Monday, June 21, 2010
I love Brazil! A Short Report of my Brazilian Experience
I was in Brazil for a month, from the 12th of May till the 12th of June. I visited the 3 biggest cities of the country. Sao Paulo (aka Sampa), Salvador da Bahia (aka Bahia) and Rio de Janeiro (aka Rio). It was a revelation. Although I knew that I was visiting a country with more than 500 years of interracial history, it still was a great and beautiful surprise to experience this mixed place. Brazil is the country of the Western hemisphere with the greatest African influence and the greatest black population of the West. The way this country today handles its history and diversity is inspiring.
I’ve been thinking for years about going to Brazil. It is a country in which I thought I could find a fusion of Europe, the West, Africa and much more. A country home to any race, any culture but all as one under a Brazilian flag and a Brazilian identity. But Brazil is far away from Europe, and is therefore not a place you can visit for a week (which is OK if I go to New York for instance). I needed time, money and perseverance. This year I finally took the decision and went off to Brazil. I now know that I will return, often.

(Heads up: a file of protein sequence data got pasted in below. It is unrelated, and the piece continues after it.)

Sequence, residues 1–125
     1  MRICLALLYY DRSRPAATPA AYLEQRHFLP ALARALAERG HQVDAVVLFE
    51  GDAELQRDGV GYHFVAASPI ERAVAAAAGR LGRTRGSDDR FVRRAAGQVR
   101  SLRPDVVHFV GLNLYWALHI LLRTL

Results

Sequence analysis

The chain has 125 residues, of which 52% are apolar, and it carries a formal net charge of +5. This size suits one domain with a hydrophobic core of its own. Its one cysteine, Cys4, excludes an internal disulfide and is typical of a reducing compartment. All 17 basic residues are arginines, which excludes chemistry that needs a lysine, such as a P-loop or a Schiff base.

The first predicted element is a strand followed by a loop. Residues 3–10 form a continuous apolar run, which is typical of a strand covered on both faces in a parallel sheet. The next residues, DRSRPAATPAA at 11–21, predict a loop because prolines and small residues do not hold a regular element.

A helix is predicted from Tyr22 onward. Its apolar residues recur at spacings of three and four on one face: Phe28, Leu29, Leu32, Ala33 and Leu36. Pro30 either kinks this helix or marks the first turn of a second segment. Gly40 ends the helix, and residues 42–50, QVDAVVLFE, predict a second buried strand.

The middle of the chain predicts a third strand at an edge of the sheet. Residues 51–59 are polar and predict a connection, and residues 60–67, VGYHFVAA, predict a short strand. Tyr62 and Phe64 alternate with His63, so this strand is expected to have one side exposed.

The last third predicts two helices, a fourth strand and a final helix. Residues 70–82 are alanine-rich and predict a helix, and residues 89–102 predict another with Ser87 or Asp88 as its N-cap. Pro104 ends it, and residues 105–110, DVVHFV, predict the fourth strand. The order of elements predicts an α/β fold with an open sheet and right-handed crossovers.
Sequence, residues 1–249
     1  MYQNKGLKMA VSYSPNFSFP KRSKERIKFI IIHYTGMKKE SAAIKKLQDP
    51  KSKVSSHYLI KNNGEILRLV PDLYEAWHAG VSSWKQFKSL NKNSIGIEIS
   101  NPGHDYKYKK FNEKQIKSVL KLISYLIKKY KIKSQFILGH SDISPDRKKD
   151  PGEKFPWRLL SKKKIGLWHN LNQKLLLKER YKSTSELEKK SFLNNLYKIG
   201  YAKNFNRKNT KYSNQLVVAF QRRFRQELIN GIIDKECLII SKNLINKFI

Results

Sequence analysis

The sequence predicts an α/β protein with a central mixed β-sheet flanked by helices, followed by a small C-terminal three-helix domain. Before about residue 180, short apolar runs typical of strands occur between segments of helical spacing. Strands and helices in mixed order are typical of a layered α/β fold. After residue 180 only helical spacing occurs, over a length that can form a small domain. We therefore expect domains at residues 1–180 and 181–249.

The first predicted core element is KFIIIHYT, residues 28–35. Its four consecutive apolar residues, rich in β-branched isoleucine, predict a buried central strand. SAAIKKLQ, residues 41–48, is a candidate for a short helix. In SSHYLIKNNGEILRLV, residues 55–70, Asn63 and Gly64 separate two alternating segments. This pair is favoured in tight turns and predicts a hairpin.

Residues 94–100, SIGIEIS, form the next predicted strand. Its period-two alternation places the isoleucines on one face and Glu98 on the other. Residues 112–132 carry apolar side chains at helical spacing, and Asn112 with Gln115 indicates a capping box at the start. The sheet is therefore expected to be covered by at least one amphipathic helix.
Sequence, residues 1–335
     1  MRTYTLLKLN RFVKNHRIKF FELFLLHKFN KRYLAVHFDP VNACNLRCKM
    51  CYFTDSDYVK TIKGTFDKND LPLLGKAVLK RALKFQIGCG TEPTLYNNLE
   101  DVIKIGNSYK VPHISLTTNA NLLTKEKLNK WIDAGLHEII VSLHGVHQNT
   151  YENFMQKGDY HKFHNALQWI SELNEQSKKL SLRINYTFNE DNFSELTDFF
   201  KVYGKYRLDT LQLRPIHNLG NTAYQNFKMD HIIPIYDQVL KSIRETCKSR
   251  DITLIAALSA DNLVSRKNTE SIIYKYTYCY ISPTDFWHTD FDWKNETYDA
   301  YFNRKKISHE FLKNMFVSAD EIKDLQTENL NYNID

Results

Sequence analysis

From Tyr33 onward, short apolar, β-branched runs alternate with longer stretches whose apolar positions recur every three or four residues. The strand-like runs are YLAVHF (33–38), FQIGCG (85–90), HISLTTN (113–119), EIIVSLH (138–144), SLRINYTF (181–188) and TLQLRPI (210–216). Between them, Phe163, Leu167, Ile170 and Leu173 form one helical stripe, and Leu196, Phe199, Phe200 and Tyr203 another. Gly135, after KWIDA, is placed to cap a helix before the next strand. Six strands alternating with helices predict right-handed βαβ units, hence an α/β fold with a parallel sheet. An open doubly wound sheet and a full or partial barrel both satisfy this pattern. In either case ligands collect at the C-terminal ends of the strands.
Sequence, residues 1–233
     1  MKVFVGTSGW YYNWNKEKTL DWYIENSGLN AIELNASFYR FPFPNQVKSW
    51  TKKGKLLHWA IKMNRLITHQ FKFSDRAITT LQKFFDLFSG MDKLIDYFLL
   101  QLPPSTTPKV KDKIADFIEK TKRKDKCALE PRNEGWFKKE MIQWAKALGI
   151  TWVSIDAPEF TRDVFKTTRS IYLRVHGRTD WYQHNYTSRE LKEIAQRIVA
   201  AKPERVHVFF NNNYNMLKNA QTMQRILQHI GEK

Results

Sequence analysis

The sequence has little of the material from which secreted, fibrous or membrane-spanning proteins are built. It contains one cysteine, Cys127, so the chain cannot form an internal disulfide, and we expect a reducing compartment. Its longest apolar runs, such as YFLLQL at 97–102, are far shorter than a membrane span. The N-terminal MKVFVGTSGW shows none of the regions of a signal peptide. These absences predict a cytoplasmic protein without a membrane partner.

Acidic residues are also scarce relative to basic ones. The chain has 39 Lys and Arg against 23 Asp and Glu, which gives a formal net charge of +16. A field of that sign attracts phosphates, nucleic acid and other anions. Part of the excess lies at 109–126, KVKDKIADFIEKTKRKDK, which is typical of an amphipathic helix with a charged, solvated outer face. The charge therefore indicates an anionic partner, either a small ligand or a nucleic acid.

I lost a piece of my heart there. It felt as if I finally arrived in my home country, although I had never been there, I haven’t any ancestors there and I don’t speak the language. But all this is not that important for Brazilians. Being Brazilian is an attitude more than a blood line, and if you’re ready to know Portuguese the rest will follow naturally.